The world today is shrinking. The era of globalization has been ushered in, and the surge of migration into America has vastly changed the urban landscape. The church stands in the middle of this gushing torrent, staring nervously at the rising waters. Where the waters once held a homogenous sheen, it is now a dizzying mosaic of colors.
In light of redemptive history, how should the urban church deal with this unprecedented multiplicity of ethnicities? Is the multiethnic church model commonly espoused today as the biblical paragon really the answer, or does the answer lie elsewhere? Or, in other words, does Pastor Wong of CCCCC (Chinese Christian Church of Californian Chinese) really have to cower in shame at his critics, feeling like his church is less than the biblical ideal?
It is my contention that because ethnic diversity is so biblically affirmed and valued by God, the multiethnic church model is – paradoxically – in fact less biblical than the monoethnic church model. Chin up, Pastor Wong!
God’s love for ethnic diversity is progressively revealed through Scripture, and is seen most dramatically in the multiethnic focus of his redemptive plan. From the very moment when his plan began to fashion itself (e.g., the call of Abraham), there is an embracing and exaltation of all the world’s ethnicities. See e.g., Isaiah 66:18, 21.
And by way of the redemptive work of Christ, there is an accentuation of the brilliance and color of each ethnicity. Rather than diminishing ethnic distinctives, the New Testament appears to exult in the contrasting tones of God’s people. During the Pentecost, for example, what is notable is the deliberate manner in which God reaches out to an ethnic potpourri. In the ensuing cacophony of diverse languages lies a singular harmony: a celebration of each ethnic group as important, valid and beautiful in God’s eyes. For God is no demolisher of the wonderful and unique aspects that make one ethnic group different from another. He rejoices in them, finds beauty in them, redeems them.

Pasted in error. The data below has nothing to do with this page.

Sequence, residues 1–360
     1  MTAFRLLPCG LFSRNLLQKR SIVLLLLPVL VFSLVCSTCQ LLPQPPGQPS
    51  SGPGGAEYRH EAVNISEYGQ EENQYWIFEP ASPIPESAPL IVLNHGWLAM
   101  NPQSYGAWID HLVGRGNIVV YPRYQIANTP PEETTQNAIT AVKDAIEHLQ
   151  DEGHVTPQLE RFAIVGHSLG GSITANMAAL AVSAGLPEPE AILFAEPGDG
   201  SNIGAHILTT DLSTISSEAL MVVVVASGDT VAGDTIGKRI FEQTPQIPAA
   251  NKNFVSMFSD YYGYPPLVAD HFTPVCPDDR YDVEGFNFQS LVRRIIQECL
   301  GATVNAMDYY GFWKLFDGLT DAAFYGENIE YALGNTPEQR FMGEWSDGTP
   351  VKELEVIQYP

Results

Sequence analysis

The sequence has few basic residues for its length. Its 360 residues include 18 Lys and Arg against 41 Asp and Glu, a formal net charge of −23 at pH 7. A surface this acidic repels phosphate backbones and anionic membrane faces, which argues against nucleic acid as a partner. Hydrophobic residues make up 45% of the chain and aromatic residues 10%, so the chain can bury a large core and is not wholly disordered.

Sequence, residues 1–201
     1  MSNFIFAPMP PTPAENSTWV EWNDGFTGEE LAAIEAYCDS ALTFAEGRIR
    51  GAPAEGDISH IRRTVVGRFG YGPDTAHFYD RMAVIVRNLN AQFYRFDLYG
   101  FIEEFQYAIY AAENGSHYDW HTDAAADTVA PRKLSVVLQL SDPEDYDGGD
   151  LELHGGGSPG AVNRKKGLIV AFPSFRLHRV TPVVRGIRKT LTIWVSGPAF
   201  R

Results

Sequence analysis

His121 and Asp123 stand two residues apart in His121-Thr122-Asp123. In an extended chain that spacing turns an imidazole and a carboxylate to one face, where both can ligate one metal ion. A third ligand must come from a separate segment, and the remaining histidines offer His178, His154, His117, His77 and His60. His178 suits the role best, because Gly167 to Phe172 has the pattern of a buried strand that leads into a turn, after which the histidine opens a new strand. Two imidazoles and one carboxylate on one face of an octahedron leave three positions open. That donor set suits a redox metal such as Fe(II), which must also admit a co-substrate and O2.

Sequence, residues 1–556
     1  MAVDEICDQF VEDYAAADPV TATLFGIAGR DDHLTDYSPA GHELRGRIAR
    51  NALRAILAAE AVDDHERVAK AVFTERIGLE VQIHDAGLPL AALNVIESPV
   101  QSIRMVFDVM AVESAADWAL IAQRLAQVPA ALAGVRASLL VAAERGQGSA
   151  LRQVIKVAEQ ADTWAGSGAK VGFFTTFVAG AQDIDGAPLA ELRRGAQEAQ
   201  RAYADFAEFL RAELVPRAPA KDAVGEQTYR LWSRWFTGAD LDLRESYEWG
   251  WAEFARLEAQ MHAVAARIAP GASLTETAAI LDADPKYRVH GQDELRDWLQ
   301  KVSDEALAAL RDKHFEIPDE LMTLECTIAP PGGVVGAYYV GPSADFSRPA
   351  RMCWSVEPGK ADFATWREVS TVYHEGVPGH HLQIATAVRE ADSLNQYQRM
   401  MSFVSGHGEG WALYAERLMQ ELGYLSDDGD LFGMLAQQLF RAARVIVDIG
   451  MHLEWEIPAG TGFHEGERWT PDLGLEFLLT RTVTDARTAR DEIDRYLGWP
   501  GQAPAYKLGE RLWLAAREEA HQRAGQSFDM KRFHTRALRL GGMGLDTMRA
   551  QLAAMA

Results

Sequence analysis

This celebration and heightening of the ethnic diversity among God’s people reaches a stirring climax in the book of Revelation. Revelation 5:9; 7:9; 14:6-7 intensify – and not diminish or dilute – the ethnic differences. Every “nation, tribe, people and language” cry out in worship to God; and the fourfold ethnic emphasis hammers home the sanctity of ethnic diversity. Far from being a soupy swamp of indistinguishable ethnicities, heaven will have a diversity of ethnicities that better reflects the richness and depth of God. A brilliant panoply of sparkling color and flavor, each ethnicity reflecting a different aspect of God’s multifaceted glory. Unity with diversity; diversity within unity. It is a glorious vision.
The multiethnic church destroys that wonderful diversity.
It is unintentional, yet inevitable. For the multiethnic church faces the difficulty of trying to be all things to all people. Cultures are so radically different from one another, that to accommodate all of them is like trying to squeeze a square peg into a circular hole. Indeed, cultural and linguistic differences are anathema to the functioning of any church which attempts to be multiethnic. Which language to sing in? preach in? fellowship in? What food should be served during lunch or church picnics? Sushi or spaghetti? Should we greet one another in a manner which is demonstrative and expressive, or one which is more restrained? Should we bow, shake hands, hug, or kiss? Should we take off shoes at the house of worship, or will our bare feet be offensive to those of another culture? These are practical – as opposed to theological – issues that the church can only futilely attempt to surmount. Only the pastor who is attuned to the vast cultural/ethnic differences and wishes to be sensitive to each group can appreciate the sheer impossibility of the task. Cultural/ethnic imperialism becomes almost a necessity.